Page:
1) US-Japanese relations, at least at a high level, were very good after 1905 when Theodore Roosevelt won the Nobel Prize for brokering the end of the Russo-Japanese war in terms quite favorable to Japan. I'd like to find a book that explains the downward spiral from 1905 to 1941...

2) germans were definitely much like Americans. Many germans spoke english and many amercans were 2nd generation germans.

3) the japanese fought war in a far different way from us. They fought and then counted the bodies when over - no matter how they died. The US was incensed when a handful of captured fliers were interrogated, weighted down and tossed overboard at Midway, but carpet bombing cities was an acceptable policy. The Japanese saw it as: 5 bodies for us, 100,000 for you...


HankC

HankC



 Posted: Thu May 6th, 2010 06:28 pm
   PM  Quote  Reply 
8th Post
Texas Defender
Member


Joined: Sat Jan 27th, 2007
Location: Texas USA
Posts: 920
Status: 
Offline
Mana: 

  back to top

Hank C-

  Responding to the first part of your last posting, I would say that while relations between the US and Japan might have been considered good in 1905, that the national interests of the US and Japan would inevitably be in conflict as the 20th century continued.

  In the late 1860s, Tokugawa era Japan was transformed by the Meiji Restoration. As the 20th century approached, the Japanese sought to advance themselves into a modern nation by closing the gap between themselves and the western powers in both the economic and military spheres.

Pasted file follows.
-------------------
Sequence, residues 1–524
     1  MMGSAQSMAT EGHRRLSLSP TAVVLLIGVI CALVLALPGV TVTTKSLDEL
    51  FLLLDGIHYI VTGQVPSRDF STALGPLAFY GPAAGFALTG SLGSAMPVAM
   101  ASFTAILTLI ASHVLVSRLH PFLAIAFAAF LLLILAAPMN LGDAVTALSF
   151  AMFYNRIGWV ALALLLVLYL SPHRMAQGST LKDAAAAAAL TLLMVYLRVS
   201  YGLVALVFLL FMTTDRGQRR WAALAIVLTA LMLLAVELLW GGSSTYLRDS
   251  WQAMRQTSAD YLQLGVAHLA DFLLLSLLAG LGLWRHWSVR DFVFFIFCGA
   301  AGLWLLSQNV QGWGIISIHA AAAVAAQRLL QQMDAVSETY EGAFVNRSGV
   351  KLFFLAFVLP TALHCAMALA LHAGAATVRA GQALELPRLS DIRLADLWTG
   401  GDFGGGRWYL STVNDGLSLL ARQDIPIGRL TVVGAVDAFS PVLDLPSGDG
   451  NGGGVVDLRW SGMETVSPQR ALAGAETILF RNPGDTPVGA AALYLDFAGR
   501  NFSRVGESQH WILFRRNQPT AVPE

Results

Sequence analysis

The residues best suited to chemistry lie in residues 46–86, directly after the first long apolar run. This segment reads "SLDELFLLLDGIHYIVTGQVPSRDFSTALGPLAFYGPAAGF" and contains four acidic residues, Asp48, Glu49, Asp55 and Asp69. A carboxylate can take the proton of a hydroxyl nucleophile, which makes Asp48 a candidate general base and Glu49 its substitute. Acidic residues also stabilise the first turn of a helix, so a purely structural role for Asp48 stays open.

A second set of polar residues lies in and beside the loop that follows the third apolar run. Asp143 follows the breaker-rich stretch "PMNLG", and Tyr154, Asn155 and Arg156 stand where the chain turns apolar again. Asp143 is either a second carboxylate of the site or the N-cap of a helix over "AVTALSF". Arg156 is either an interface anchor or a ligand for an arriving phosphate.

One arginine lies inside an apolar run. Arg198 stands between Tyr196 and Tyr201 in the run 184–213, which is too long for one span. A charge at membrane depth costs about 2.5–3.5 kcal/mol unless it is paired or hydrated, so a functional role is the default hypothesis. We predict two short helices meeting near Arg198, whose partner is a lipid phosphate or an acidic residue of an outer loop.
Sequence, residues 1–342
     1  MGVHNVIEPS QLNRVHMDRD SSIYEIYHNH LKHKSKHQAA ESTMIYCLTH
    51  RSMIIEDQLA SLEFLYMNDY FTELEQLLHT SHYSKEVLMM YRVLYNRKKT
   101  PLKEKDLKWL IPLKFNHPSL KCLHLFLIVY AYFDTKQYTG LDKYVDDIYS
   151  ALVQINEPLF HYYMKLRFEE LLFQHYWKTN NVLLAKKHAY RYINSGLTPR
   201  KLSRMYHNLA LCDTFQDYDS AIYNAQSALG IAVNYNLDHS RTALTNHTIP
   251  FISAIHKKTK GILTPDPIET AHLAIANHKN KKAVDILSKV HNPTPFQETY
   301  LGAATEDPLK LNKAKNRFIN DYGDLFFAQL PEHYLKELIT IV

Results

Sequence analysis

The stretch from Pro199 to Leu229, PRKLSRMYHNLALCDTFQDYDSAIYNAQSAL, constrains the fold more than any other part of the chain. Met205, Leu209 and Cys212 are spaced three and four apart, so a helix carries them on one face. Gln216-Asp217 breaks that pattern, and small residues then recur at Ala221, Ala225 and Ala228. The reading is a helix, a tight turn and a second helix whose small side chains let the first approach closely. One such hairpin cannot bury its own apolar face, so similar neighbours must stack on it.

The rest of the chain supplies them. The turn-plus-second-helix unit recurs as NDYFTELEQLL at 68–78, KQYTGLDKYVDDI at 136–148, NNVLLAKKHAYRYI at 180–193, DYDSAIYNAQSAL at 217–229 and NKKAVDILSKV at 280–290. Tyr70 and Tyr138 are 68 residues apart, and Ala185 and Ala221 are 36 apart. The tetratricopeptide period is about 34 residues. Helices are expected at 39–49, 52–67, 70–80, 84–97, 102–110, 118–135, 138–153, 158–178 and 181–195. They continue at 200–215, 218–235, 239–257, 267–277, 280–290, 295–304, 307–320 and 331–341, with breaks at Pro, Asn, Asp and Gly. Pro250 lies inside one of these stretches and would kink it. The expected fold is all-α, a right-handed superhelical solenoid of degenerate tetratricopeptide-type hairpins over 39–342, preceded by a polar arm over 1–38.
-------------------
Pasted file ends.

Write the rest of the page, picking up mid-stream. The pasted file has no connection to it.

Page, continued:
On the military side, the Japanese used the Prussian model for their army and the British model for their navy. To transform their economy to an industrial one, many Japanese went abroad to study western societies. The resulting rapid industrialization led to increased industrial infrastructure and output. This in turn led to an increased feeling of nationalism among the citizenry.

  Forward thinking Japanese realized that their nation was lacking in natural resources needed to sustain a modern economy, for example, oil. The western powers could control Japan's ability to secure these resources, and this was an intolerable situation for the Japanese. The newly nationalistic Japanese sought to insure access to these resources. The way to do this was to become a regional power.

  Advancing this goal, the Japanese forced a treaty to involve themselves in Korea in the 1870s. They opposed Chinese interests in the region.

  The military was expanded in the 1880s. By the mid 1890s, they provoked the Sino-Japanese War, the aftermath of which increased Japan's influence in the area. They sought expansion into Manchuria, directly opposing the Russians.

  The Japanese sought an alliance with Britain to advance their agenda, and the 1905 victory over the Russians put Japan into the big leagues. By 1910, the Japanese had expanded further into Korea, the Ryukus, and Taiwan.